time to eat, astronauts select packages of food that need to be warmed, and place them
in the air convection oven. Hot and cold water is also available for preparation of foods or
beverages.
During a typical meal in space, a meal tray is used to hold food and beverage containers.
This tray can be attached to the table. The meal tray becomes the astronaut’s dinner
plate and enables him or her to choose from several foods at once just like a meal at
home.
           Conventional eating utensils are used in space. Astronauts use a knife, fork,
           and spoon. The only unusual eating utensil is a pair of scissors used for cutting
           open the packages. Eating utensils and food trays are cleaned at the hygiene
station with pre-moistened towelettes. When the meal is finished, all the trash is collected
into trash bags, and placed into containers to be brought back to Earth for disposal.
The preparation and consumption of a meal would typically involve the following series of
steps.


      1. Collect meal tray and utensils                9. Retrieve refrigerated foods
      2. Display preselected meal on the computer      10. Place refrigerated food in meal tray
      3. Locate food using location display function   11. Retrieve items from oven
      4. Prepare food items for heating                12. Place heated foods in meal tray
      5. Place items to be heated in oven              13. Eat
      6. Enter cook control codes and press "start"    14. Place used containers in trash
      7. Rehydrate beverages                           15. Clean and stow meal tray and utensils
      8. Place beverages on meal tray




How DO Astronauts Go To the Bathroom in Space?


The toilet (or waste collection system) used in space is very similar to the kind we’re
accustomed to using here on Earth, although there are some unique features. First of all,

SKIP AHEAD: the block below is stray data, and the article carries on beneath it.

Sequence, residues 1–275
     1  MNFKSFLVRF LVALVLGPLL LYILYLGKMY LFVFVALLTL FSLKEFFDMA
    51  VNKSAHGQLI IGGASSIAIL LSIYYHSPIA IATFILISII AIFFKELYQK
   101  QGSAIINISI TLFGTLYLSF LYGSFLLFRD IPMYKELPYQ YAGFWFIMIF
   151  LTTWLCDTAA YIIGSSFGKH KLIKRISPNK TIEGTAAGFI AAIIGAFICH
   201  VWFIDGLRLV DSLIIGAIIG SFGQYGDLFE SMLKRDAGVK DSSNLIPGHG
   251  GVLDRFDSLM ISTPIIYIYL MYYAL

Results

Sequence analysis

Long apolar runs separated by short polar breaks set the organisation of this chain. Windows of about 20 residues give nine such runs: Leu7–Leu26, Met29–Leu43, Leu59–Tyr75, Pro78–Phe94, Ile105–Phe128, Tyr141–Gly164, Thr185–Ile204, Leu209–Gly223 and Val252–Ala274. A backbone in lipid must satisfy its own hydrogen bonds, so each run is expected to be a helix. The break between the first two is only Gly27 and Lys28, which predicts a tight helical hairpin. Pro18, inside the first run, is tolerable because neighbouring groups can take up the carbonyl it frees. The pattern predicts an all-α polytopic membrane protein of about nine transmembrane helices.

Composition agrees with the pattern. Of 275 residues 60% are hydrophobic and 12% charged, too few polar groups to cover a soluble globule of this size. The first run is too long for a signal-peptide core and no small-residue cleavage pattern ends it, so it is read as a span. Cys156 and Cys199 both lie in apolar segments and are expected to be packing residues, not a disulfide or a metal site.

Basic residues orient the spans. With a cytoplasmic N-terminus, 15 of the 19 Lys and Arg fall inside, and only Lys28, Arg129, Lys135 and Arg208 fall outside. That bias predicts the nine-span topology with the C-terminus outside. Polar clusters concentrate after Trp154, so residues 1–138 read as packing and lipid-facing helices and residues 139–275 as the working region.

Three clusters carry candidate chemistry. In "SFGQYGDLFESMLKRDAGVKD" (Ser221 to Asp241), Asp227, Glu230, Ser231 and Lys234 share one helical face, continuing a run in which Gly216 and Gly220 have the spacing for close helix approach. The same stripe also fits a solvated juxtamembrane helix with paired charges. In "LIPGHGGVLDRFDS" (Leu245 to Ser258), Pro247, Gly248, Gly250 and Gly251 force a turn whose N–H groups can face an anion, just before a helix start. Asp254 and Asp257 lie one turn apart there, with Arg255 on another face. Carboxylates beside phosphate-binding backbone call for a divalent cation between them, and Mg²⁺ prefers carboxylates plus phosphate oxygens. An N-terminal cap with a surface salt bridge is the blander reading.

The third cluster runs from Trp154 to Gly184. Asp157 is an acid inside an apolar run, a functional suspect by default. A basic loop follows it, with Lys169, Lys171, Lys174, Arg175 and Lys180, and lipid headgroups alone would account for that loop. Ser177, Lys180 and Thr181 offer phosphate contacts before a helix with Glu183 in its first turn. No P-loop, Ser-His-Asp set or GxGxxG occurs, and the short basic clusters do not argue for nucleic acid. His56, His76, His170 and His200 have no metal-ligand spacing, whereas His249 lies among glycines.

in order to remain seated, astronauts must make use of restraints, otherwise they might
float away! Secondly, instead of water to flush away solid waste, this toilet relies on air.
When astronauts need to use the toilet, they seat themselves and make use of the
various restraining devices (foot loops, thigh restraints etc.). They then activate the air-
suction system using a control lever. Air is then sucked downward into the toilet bowl
taking solid waste with it. Solid wastes are then compressed and stored onboard, and
then later removed.
Where urinating is concerned, astronauts make use of a large tube,
connected to the bottom-front of the toilet. This tube also has air
flowing through it, which carries the urine into a holding tank.
Anatomically correct “urine funnel adapters” are attached to this tube so both men and
women can use the same toilet.
A Daily Routine


Bathing

Keeping yourself clean is as important in space as it is here on Earth. Unlike the Space
Shuttle, there is a full body shower unit on ISS. When astronauts want to take a shower,
they step into a cylindrical shower stall, and close the door. Astronauts get themselves
wet and wash up just like you would on Earth, however, because of weightlessness, the
water droplets and soap don’t flow downwards into a drain, they float about! Astronauts
use a suction device to get rid of the wastewater.

Exercise

Living and working in space requires very little
physical exertion. Therefore, astronauts must
exercise to stay healthy. Astronauts are required to
exercise for 2 hours each day while on the
International Space Station. A stationary bicycle
and a treadmill are used in order to exercise both
the lower and upper body muscles. A series of
straps and restraints are used to keep the
astronauts secure against the exercise equipment.